Last year the little town of Hazelton, PA passed the strictest immigration law in the land that would fine landlords who rented to undocumented immigrants. It would deny business permits to companies that employ them and also require residents to register with the city to prove their citizenship. The town was described as the most racist in the United States.
Hazelton was an old mining town that was slowly dying. The young folks were moving out and the future looked bleak for the future of this town, that was, until immigrants started moving in. The immigrant community started to revive the town with added commerce and vitality. But for the older generation, they saw this new community as changing their way of life and they feared a loss of power. In response, the Hazelton City Council passed the Illegal Immigration Relief Act.
This week the Hazelton ordinance, which has been barred from enforcement, went to court to determine its constitutionality, and for better or worse, the outcome of this trial will either be seen as a shinning light for anti-immigrant movements or it will go down as nothing more than a xenophobic reaction to the growth of the immigrant community.
The town leadership passed this ordinance citing the need to take action on the immigration issue because they felt that the federal government had failed them in regards to the illegal immigration problem. They cited a rise in crime and a drain on public services as the main culprits of the influx of immigrants. At the time of the passage of this ordinance, the Hazelton City Council and mayor had no facts to back up their assertion but relied on perception. In fact, there was no truth in that crime had risen.
In their opening statements the lawyers for the American Civil Liberties Union claimed that the town’s laws discriminated against Latino residents no matter their legal status and that the ordinances conflicted with the federal government’s authority to regulate immigration.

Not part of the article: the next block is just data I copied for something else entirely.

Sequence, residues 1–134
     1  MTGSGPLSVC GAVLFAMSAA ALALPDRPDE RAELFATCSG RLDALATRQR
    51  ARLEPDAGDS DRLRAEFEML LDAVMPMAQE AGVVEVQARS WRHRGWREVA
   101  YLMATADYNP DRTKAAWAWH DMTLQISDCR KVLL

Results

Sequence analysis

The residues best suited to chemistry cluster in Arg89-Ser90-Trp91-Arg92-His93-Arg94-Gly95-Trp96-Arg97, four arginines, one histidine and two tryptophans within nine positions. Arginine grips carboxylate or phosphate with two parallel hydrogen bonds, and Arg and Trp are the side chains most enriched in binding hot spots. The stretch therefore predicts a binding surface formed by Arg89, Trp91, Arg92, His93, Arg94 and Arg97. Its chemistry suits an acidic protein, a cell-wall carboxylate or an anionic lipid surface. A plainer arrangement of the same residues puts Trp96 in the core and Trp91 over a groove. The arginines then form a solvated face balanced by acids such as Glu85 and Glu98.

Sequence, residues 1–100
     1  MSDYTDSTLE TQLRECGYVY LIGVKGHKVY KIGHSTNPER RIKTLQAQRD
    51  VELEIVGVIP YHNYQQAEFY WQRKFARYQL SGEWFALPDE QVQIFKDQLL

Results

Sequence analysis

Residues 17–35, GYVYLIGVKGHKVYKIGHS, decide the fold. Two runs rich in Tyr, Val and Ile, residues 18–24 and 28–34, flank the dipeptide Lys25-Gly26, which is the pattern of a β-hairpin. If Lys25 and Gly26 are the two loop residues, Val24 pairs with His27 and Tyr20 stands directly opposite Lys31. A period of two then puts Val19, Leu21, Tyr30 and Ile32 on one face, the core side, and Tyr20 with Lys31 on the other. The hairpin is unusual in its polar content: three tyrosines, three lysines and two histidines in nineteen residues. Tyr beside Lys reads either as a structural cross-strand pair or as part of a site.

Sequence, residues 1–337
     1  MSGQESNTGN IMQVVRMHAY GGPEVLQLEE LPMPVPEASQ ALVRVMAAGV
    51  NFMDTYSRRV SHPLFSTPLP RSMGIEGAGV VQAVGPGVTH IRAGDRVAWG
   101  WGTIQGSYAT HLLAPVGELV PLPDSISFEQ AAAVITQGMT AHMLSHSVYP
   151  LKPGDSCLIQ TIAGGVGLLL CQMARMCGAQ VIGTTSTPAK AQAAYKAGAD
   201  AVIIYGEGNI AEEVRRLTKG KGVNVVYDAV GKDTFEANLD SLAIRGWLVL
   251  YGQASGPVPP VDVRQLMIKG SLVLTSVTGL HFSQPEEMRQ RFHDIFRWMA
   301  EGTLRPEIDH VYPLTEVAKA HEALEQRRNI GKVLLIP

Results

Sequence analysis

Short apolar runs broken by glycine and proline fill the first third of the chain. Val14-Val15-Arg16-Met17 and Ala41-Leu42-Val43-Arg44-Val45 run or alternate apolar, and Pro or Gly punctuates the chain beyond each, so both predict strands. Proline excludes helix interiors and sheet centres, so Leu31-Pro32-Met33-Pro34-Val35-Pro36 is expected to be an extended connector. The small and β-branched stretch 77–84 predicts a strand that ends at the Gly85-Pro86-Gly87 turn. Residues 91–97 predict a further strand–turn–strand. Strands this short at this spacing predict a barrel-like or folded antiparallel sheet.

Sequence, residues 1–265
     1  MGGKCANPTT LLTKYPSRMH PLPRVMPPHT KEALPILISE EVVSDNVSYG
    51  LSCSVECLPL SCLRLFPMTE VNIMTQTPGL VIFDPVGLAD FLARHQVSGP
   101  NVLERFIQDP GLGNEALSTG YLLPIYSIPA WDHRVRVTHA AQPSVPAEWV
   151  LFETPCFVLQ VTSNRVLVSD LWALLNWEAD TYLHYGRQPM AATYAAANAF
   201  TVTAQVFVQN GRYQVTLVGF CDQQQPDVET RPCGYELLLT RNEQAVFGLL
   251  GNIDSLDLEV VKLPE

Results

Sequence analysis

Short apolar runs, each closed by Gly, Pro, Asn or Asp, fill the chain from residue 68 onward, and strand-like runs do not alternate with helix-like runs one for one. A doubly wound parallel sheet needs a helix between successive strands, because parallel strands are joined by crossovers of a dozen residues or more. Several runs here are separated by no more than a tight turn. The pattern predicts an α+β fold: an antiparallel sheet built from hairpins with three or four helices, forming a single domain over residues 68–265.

While we can argue the legal points and counter the council’s arguments about the rise in crime and drain on public services, every report or study that has been done indicates that immigrant incarceration rates are lower than native born rates. Immigrants raise the wages of native workers, and less than one percent of Medicaid spending went to health care for illegal immigrants. As we have often said in the editorial pages of this paper, the underlining issue behind the attacks is the inhert racism of white Americans, the Hispanic attacks have no basis in fact!
Locally, we see this issue being played out in Escondido, a city that followed the example of Hazelton and tried to write their own ordinance to penalize landlords for renting to immigrants and failed. Recently, a nearly identical ordinance as Hazelton’s in a St. Louis, Missouri suburb was ruled in violation of state law. In the meantime, dozens of other communities across the nation are trying to enact similar laws and they will be watching this trial to determine their fate.
Immigration is a complex multi-national issue that has to be addressed at the federal level and cannot be solved on a city by city basis. What we see with cities such as Hazelton and Escondido are mean spirited, ethnocentric laws targeting only one segment of the community that is largely void of a political voice. Instead of trying to find ways to establish race based limits on immigration, these cities should find ways to take advantage of this growing population and incorporate them into becoming a productive part of society.